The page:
Simon Bridges 'didn't know' about second $100,000 donation in Serious Fraud Office probe

National Party leader Simon Bridges.
National Party leader Simon Bridges. Photo credit: Newshub / Zane Small

Simon Bridges insists he "didn't know" about a second $100,000 donation being investigated by the Serious Fraud Office (SFO). 

The SFO filed criminal charges last month against four unnamed individuals in relation to donations paid into a National Party electorate bank account. 

It was understood the charges related to a single $100,000 donation from a wealthy Chinese businessman. Former National MP Jami-Lee Ross alleged in 2018 that donation had been chopped up into smaller amounts to hide it from being declared.

But Auckland District Court documents show the charges relate to not just one but two donations to the National Party - one in June 2017 and another in June 2018. 

The court charging documents released by Auckland District Court Judge Edwin Paul show three of the four individuals charged by the SFO face two charges of deception over the $100,000 donation in 2017. 

All four defendents face charges of deception over a donation of $100,050 in 2018.

"I didn't know any of this," Bridges told reporters on Tuesday. "I have no information in relation to the other donation. I suppose someone does and presumably they've been charged.

"It's now before the courts and look, I just don't have information and can't speculate."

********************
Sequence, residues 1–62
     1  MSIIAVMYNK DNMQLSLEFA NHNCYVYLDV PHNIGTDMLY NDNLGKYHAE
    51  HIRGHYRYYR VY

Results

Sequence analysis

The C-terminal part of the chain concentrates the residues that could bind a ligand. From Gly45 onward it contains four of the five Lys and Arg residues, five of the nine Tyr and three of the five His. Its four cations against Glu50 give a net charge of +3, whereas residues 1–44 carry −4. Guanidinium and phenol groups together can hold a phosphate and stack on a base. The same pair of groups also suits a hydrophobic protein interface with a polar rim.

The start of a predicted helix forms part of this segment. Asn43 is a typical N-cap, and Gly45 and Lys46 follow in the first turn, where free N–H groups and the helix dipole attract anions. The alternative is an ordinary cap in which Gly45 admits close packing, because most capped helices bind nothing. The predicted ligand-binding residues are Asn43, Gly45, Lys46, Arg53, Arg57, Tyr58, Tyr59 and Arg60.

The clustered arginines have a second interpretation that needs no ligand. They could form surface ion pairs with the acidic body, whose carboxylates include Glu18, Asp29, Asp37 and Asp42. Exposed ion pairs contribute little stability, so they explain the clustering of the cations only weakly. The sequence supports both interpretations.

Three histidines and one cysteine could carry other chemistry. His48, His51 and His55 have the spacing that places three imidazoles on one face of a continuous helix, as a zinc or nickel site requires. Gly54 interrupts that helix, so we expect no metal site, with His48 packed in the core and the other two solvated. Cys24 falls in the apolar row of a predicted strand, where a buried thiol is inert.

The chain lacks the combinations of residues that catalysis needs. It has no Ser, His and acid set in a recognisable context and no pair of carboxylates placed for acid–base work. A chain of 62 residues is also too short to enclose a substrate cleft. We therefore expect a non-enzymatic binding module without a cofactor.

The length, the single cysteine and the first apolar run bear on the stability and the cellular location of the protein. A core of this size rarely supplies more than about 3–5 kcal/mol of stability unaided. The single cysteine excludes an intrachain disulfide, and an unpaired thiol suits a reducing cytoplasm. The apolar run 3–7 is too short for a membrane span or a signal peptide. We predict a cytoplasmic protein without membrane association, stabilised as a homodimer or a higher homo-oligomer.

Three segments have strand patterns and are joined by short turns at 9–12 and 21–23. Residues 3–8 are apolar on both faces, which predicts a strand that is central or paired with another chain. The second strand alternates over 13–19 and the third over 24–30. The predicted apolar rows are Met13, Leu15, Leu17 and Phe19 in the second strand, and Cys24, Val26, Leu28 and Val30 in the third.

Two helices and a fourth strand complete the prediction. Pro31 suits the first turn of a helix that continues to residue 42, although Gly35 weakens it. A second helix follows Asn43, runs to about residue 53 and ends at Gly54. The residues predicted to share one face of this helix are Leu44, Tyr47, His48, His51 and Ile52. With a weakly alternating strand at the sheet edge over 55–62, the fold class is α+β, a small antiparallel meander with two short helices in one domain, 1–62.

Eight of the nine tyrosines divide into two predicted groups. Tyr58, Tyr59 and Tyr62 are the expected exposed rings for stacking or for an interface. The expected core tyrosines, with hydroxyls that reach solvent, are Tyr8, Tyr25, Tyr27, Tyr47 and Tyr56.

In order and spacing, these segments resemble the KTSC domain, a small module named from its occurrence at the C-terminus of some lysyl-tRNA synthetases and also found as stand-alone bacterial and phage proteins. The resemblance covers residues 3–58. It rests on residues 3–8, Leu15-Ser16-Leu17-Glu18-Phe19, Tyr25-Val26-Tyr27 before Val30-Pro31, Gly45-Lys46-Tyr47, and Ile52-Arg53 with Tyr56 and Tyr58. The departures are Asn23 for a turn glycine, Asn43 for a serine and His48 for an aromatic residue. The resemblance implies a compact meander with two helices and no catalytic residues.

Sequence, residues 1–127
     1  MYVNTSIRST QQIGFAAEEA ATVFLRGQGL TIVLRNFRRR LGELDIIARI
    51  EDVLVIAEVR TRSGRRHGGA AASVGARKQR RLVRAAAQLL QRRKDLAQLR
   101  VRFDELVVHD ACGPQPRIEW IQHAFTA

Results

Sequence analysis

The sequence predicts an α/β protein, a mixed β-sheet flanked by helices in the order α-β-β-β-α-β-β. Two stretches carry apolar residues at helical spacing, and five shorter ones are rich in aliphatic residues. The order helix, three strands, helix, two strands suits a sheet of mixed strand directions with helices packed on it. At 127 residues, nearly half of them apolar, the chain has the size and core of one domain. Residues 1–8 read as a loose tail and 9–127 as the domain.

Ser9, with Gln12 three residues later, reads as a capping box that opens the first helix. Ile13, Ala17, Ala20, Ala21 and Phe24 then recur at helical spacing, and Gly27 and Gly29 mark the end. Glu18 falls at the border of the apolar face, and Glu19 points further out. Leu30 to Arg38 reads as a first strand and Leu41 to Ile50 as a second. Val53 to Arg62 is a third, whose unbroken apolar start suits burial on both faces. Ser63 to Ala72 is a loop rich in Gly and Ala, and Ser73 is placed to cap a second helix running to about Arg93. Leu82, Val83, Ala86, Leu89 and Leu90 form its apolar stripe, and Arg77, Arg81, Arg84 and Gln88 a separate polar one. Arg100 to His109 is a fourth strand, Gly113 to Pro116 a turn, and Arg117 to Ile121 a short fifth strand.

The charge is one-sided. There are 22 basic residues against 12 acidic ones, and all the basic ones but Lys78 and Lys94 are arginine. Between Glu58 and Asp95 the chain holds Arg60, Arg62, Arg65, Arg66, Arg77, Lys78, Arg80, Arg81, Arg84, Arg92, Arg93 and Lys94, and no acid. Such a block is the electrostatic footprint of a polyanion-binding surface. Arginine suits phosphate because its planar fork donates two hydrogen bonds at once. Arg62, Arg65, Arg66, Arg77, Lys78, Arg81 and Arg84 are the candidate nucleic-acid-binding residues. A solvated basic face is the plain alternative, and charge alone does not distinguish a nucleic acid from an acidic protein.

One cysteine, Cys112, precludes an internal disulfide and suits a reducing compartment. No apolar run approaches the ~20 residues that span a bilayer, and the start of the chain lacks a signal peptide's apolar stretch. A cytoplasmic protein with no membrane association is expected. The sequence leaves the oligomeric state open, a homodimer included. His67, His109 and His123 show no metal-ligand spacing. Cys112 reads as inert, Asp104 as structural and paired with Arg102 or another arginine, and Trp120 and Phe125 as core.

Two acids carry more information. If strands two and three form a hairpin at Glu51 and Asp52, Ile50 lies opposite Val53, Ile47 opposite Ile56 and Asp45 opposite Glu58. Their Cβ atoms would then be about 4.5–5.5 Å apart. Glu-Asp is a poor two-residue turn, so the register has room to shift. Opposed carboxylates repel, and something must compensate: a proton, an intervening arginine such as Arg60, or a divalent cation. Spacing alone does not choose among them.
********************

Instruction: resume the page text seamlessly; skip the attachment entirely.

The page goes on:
The court documents show the SFO alleges that, "the defendants adopted a fraudulent device, trick, or strategem whereby the 2018 Donation was split into sums of money less than $15,000, and transferred into the bank acocunts or eight different people, before being paid to, and retained by, the National Party". 

The fourth individual is charged with the other defendants over the second 2018 donation, but is also facing one charge of providing misleading information to the SFO. 

The defendants are scheduled to appear in the Auckland District Court on February 25. Judge Paul granted them interim name suppression on January 31. 

Neither Simon Bridges nor any National MPs or board members have been charged by the SFO. 

The Opposition leader said last month he had "no intention of keeping" the $100,000 donation at the centre of the SFO investigation and that he had written to the Electoral Commission to ask what to do with it. 

Asked by a reporter on Tuesday if he would also return the second $100,000 donation, Bridges replied: "The problem is I don't know anything about it."

He added, "I think at the end of the day that's speculation. I don't know. I can tell you in relation to the donation that clearly I did know about it, that we've heard about."

The SFO launched an investigation in March 2019 into National Party donations after the police referred a complaint by now-independent MP Jami-Lee Ross who accused Bridges of fraud.

Ross said in October 2018 Bridges broke the law, alleging the Opposition leader had asked him to collect a $100,000 donation from Chinese businessman Zhang Yikun and not disclose it properly.

Ross said the donation arrived in eight amounts smaller than $15,000 - the threshold at which donations have to be declared by law - and that Bridges had stressed it should not be made public.

Ross released a recorded phone conversation between him and Bridges at the time, where he could be heard asking his then-leader what to do with the $100,000 donation.

Bridges has consistently denied any wrongdoing. 

"I have always maintained I had nothing to do with the donations," Bridges said last month. "As I have always said the allegations against both myself and the party were baseless and false."

The SFO has announced it is also investigating the New Zealand First Foundation over allegations he New Zealand First Party was hiding donations through it. 

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